Harvest announces partnership with Western Canadian Innovation Offices to build talent and intellectual property across the Prairies

Harvest announces partnership with Western Canadian Innovation Offices to build talent and intellectual property across the Prairies

CALGARY, Alberta, Jan. 16, 2020 (GLOBE NEWSWIRE) 


Today, Harvest, a Prairie venture builder, announced its partnership with Western Canadian Innovation Offices (WCIO) as part of a collaborative effort to advance innovation and entrepreneurship across the Prairies.


The partnership with WCIO and its network of academic institutions across Western Canada will increase the ability for academic research to grow into globally competitive companies, and for researchers and institutions to deepen their connections with top corporate entities.


As part of this process, Harvest will be selecting a region to anchor this partnership. This hub will act as a catalyst for academic commercialization opportunities across the Harvest network and provide opportunities for startups to grow within a world-class ecosystem of entrepreneurs, business professionals, and investors.

“With these partnerships, Harvest is capitalizing on research and development opportunities, while building a platform to commercialize ideas into companies,” says Chris Simair, founder of Harvest and co-founder of startup success SkipTheDishes. “These companies will have the potential to shape a more diversified Canadian economy.”


“For example, companies like Beyond Meat, that are fueled at its core by innovation, are being founded in Silicon Valley when the primary, world-leading research is actually being developed at home here in the Prairies.”


The partnerships with the WCIO is integral in Harvest’s mission to keep innovative companies in the Prairies, addressing the loss of talent to other competitive markets often known as the “brain drain”.


“We believe Harvest, with its management expertise and unique model will be able to increase the success rate of new technology based startups across Western Canada and are looking forward to growing connections within our network to create economic impact across the Prairies,” says Darren Fast, Director, Partnerships & Innovation at the University of Manitoba and lead for WCIO.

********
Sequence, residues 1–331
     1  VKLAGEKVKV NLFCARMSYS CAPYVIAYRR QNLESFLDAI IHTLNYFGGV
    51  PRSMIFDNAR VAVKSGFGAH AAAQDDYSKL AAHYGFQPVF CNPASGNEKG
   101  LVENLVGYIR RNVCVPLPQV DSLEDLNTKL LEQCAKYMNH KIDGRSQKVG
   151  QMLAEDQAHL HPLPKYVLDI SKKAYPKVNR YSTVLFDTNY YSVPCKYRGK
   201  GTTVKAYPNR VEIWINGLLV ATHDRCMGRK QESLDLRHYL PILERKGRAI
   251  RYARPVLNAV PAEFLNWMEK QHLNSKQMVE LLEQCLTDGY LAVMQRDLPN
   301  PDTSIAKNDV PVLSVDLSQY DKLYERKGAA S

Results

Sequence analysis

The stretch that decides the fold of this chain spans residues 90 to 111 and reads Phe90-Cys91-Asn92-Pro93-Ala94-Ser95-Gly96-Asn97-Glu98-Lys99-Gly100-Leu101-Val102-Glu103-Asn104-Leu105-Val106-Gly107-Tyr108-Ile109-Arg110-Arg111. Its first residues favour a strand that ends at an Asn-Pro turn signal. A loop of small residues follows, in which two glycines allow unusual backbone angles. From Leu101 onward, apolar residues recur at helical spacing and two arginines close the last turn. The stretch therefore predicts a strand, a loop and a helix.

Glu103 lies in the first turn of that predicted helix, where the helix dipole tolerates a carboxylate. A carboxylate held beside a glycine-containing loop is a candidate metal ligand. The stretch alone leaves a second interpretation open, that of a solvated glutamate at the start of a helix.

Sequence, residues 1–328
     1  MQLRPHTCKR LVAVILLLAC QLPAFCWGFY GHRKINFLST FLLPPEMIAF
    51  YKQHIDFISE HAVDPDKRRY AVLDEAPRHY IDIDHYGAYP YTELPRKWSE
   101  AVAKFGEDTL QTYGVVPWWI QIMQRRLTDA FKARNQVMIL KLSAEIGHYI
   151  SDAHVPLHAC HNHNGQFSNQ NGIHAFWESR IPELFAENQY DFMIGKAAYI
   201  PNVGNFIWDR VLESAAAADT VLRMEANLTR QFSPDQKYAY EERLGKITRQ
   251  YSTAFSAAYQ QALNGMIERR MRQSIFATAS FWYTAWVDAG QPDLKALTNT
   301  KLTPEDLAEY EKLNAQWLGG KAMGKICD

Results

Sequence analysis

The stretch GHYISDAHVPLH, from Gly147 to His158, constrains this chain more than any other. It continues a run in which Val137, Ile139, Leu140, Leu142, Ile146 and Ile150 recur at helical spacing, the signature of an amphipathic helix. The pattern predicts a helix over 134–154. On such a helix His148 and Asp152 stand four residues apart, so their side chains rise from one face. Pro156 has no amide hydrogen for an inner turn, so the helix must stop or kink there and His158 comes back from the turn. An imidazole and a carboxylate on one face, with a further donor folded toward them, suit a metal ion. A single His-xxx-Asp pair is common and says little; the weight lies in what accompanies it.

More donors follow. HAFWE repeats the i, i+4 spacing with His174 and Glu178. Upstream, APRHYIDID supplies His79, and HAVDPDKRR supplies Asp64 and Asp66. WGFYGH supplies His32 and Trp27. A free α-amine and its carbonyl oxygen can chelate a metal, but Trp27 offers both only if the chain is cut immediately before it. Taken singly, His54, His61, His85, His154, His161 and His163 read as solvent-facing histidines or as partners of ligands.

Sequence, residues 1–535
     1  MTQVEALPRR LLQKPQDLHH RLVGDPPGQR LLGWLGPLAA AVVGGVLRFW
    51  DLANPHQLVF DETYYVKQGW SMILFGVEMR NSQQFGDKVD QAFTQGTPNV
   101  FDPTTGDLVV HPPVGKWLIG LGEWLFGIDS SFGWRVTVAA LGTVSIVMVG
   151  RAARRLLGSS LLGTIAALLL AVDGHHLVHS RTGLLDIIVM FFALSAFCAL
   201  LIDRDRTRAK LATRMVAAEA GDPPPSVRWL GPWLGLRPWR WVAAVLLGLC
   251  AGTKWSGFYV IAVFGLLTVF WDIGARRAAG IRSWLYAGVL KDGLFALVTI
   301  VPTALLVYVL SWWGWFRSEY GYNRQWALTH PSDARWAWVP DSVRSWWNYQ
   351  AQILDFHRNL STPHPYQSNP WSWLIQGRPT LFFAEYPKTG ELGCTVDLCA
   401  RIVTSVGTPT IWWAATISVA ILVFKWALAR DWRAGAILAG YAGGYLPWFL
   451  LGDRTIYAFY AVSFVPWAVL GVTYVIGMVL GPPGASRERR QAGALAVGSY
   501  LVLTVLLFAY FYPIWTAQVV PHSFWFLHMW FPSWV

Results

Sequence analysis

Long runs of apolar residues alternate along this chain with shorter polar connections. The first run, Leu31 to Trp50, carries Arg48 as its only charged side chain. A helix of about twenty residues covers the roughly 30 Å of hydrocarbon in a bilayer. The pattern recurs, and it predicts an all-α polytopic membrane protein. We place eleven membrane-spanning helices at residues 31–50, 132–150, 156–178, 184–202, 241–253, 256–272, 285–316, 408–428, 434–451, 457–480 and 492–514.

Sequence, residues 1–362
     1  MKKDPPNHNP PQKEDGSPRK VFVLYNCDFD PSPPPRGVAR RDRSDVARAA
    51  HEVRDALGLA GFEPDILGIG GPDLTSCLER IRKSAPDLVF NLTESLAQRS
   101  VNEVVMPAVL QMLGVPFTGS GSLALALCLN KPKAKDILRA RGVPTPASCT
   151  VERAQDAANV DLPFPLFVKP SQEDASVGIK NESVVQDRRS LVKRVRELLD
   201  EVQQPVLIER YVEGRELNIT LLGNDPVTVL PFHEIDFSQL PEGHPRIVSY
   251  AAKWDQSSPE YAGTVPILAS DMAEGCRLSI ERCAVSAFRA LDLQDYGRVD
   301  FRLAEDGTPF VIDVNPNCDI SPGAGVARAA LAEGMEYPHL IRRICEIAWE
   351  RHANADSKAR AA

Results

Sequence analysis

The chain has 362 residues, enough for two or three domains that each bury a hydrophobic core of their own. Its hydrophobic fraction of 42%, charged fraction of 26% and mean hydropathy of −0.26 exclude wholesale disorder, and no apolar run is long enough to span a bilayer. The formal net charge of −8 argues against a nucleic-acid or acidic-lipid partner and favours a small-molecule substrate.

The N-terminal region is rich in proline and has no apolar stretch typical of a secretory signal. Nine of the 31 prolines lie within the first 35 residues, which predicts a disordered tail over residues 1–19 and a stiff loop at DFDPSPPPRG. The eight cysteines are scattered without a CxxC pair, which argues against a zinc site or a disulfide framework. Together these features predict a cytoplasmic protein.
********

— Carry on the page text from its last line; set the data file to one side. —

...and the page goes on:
Harvest recently announced its move into Calgary’s M2 Building for its pilot operations and plans to set up offices across the Prairies. The venture builder is considering Western Canadian cities to call its headquarters, including Calgary, Winnipeg and Saskatoon. Harvest’s first portfolio company, Neo Financial, is also slated to launch this year.


For more information on Harvest, visit harvest.builders.


About Harvest:

Harvest is a not-for-profit co-builder of companies in the Canadian Prairies. It does this by taking founders with disruptive ideas and equipping them with world-class talent, funding, and support to co-build their company into a successful, fast-growing business. Harvest was founded by Chris Simair, co-founder and former CEO of SkipTheDishes, which sold for $200M in 2016 and is one of the largest tech companies in Canada, with over 2,000 employees across Winnipeg, Saskatoon and Calgary. The same infrastructure that made SkipTheDishes a success is what powers Harvest today. Harvest’s mission is nothing less than to create globally competitive companies right here in the Canadian Prairies and, in doing so, make the region a better place to live for future generations.


About Western Canadian Innovation Offices:

The Western Canadian Innovation Offices Consortium (WCIO) is an initiative that has been connecting Western Canadian industry needs with the array of research and innovation resources, including promising technologies that exist in WCIO’s nearly 40-member consortium of universities, colleges and polytechnics across the West.


This article was originally published on Globe Newswire: https://www.globenewswire.com/news-release/2020/01/16/1971456/0/en/Harvest-announces-partnership-with-Western-Canadian-Innovation-Offices-to-build-talent-and-intellectual-property-across-the-Prairies.html